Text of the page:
Call 855-808-4530 or email GroupSales@alm.com to receive your discount on a new subscription.
What powers does the New York City Landmarks Preservation Commission (LPC) have to require a building owner to maintain a mechanical clock located in the interior of a building? In Save America’s Clocks, Inc. v. City of New York, 2017 WL 5969265, that issue generated a 3-2 division in the First Department, with the majority holding that the Commission had power to require maintenance of the clock, and to require public access to it. The case appears likely to find its way to the Court of Appeals.
By Stewart E. Sterk
The New York City Landmarks Preservation Law authorizes the Landmarks Preservation Commission (LPC) to designate interior landmarks as well as exterior landmarks. An interior site is eligible for designation only if the public has access to the site, but once the LPC has designated the interior landmark, can the LPC authorize its owner to close the landmark to public access?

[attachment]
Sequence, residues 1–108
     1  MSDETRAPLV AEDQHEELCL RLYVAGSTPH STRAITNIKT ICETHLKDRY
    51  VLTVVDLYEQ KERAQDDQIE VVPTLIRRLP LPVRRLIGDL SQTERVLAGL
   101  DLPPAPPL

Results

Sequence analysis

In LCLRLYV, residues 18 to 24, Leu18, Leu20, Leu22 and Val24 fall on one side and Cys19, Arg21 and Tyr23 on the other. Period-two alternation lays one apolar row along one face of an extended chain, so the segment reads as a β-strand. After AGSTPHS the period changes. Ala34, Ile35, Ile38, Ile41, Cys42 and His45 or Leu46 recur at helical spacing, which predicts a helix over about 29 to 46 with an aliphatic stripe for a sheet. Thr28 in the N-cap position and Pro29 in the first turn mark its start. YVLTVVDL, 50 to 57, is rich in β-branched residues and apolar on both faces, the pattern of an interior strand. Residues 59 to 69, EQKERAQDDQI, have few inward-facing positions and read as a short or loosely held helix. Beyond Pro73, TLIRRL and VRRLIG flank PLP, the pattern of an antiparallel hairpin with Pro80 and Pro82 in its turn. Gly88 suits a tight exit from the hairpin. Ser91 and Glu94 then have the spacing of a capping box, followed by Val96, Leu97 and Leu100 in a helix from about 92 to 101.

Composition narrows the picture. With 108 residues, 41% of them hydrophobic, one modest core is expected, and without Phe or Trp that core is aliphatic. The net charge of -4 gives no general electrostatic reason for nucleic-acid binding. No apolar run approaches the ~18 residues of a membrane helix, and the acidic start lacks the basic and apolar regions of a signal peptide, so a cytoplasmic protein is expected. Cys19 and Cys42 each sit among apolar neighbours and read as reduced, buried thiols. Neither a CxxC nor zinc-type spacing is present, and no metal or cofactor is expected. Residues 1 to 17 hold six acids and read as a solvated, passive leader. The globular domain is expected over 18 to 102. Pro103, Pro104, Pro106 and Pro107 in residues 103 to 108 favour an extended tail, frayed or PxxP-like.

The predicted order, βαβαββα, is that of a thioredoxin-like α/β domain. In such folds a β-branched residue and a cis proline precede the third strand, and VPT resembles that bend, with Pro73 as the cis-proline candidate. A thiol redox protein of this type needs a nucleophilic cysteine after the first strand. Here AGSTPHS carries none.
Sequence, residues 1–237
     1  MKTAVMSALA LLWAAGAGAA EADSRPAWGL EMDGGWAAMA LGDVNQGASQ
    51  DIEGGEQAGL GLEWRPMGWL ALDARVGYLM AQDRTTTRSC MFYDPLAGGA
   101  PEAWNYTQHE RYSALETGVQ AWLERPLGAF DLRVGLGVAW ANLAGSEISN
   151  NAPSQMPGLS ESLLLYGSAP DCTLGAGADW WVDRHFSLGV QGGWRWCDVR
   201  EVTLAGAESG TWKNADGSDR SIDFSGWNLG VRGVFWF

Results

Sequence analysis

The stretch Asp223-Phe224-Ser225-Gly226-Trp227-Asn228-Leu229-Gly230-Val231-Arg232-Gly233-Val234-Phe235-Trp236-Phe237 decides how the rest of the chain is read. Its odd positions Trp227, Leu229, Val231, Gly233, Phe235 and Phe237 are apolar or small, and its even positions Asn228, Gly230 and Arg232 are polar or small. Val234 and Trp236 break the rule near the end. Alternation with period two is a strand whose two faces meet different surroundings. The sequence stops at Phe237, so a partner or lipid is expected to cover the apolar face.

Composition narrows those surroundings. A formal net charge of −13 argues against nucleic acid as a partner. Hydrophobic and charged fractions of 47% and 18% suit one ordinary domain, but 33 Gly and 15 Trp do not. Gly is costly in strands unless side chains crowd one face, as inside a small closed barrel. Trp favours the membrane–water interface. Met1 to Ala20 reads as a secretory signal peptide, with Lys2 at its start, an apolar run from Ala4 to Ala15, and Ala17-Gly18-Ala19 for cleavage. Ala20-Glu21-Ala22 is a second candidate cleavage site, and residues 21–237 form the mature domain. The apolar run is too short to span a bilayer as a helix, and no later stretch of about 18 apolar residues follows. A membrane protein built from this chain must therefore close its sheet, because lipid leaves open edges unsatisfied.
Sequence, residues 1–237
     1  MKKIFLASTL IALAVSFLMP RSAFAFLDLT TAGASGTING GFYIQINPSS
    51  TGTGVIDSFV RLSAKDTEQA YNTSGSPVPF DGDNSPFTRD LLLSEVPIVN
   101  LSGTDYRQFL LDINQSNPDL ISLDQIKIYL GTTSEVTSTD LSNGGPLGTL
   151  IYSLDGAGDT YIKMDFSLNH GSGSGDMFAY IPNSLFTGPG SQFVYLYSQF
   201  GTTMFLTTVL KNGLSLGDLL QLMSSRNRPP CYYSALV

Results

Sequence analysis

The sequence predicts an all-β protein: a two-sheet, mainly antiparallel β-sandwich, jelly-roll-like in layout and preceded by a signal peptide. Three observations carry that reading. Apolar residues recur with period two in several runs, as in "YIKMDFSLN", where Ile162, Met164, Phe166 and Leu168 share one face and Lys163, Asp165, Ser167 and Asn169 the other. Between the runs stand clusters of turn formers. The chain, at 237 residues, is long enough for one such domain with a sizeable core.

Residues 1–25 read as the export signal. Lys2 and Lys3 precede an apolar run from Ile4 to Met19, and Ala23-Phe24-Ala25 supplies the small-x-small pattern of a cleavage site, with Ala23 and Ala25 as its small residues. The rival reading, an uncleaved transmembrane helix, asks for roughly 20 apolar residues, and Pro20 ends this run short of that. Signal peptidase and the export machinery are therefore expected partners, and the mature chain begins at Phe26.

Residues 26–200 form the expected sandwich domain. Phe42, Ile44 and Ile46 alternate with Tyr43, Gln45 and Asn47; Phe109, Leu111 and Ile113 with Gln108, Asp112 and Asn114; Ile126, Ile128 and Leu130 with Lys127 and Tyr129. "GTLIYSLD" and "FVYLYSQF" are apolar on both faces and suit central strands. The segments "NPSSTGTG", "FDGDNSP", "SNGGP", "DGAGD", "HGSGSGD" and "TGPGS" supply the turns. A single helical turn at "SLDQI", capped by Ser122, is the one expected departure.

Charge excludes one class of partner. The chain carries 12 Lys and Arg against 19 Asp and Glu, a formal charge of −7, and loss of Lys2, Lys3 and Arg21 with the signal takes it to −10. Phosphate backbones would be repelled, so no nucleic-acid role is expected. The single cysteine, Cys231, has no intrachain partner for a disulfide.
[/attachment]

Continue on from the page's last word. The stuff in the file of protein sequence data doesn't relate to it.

City Not Estopped from Preventing Construction of Building Despite Longstanding Interpretation of Zoning Resolution
Broker Breaches Fiduciary Duty By Making Offer That Competes With Client
Amendment to Association Bylaws Not Effective Until They Are Recorded
Seller Entitled to Cancel Contract When It Could Not Clear Title
Buyer’s Waiver of Defects In Title Preclude Cancellation By Seller
Questions of Fact Preclude Summary Judgment on Mortgage Contingency Issues
Broker Not Entitled to Summary Judgment on Fraud Claim By Prior Owner
Easement By Prescription Established
Failure to Procure Insurance Not a Curable Breach; Yellowstone Injunction Denied